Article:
So, by the end of weekend, all the suction lines (that’s the fat copper tubing) were run from the 5 units to the pipes we (ha! – using that term loosely)had brought up with the lift. Soldered and insulated and ready to go. Next up (in the piping department) is running the liquid line (that’s the skinny copper tubing) that also needs to run from the inside unit to those pipes (which will, of course, eventually be attached to the outside condensing units). Got it?
We’re excited that a good friend of ours is arriving today to help Gary & I this week with our next big step. We’ll be (again I’m using that “we” word – don’t you love it!) making two holes in each of the rooms for the supplies and returns and actually connecting the duct work to the rooms. This would probably be a fairly direct event except for all that loose insulation in the attic (that we would prefer to stay in the attic as opposed to falling in the rooms)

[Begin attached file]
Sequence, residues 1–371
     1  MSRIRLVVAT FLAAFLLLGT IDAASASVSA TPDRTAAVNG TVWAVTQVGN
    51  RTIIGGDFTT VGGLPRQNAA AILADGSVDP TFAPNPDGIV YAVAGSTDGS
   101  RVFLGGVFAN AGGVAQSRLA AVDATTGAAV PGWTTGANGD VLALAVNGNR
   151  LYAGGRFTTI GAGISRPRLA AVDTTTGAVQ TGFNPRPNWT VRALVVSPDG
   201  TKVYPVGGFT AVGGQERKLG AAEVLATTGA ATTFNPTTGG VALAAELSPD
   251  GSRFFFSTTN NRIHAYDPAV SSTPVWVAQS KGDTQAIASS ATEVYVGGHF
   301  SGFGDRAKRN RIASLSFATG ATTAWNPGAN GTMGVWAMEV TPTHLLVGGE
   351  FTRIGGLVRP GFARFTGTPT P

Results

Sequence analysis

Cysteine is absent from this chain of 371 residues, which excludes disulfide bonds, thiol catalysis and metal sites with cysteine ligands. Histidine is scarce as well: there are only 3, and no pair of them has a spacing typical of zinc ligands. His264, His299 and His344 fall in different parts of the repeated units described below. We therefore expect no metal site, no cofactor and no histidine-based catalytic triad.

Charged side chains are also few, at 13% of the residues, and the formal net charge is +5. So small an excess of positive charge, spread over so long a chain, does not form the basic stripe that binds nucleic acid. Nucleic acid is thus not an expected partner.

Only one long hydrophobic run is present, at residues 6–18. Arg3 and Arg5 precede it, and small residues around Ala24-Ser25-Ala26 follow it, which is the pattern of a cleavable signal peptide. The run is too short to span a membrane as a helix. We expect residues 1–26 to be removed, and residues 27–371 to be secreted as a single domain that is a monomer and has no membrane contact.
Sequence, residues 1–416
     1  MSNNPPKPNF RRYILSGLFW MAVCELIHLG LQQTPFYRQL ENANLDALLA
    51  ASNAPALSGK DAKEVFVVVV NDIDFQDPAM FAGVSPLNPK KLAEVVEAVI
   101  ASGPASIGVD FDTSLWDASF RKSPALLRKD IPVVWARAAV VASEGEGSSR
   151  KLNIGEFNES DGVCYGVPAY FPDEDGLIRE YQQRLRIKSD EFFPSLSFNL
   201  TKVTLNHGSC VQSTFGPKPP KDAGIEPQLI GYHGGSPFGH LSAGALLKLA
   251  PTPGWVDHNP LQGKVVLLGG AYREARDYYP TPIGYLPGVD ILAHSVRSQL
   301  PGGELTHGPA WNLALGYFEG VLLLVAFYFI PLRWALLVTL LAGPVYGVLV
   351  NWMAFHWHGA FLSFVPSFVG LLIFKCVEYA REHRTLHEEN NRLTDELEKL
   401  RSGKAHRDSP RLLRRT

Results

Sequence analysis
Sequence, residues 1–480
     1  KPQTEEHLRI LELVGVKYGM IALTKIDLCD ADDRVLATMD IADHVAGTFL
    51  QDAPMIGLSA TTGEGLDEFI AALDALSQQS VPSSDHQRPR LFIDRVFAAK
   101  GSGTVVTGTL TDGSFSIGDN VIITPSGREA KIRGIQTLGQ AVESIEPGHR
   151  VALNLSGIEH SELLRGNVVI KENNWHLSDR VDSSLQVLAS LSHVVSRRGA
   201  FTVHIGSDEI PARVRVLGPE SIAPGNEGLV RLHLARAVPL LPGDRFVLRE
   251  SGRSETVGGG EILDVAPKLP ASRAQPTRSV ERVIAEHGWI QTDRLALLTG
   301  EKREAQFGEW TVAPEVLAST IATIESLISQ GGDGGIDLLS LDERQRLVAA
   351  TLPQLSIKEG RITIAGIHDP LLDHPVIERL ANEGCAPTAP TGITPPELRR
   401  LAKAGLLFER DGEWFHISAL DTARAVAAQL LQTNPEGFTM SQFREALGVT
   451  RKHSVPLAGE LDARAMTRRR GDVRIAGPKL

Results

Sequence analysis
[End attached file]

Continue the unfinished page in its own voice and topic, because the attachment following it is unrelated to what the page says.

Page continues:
and the fact that the ceilings are not wood or plaster or even drywall. They are cement board. And cutting through it is kind of like cutting through, well, cement. Could be a challenge, but I bet Gary is up to it!
Should be a good week! And thankfully the temps should be falling back into the high sixties and low seventies with some showers on the horizon. Perfect weather for working in an attic!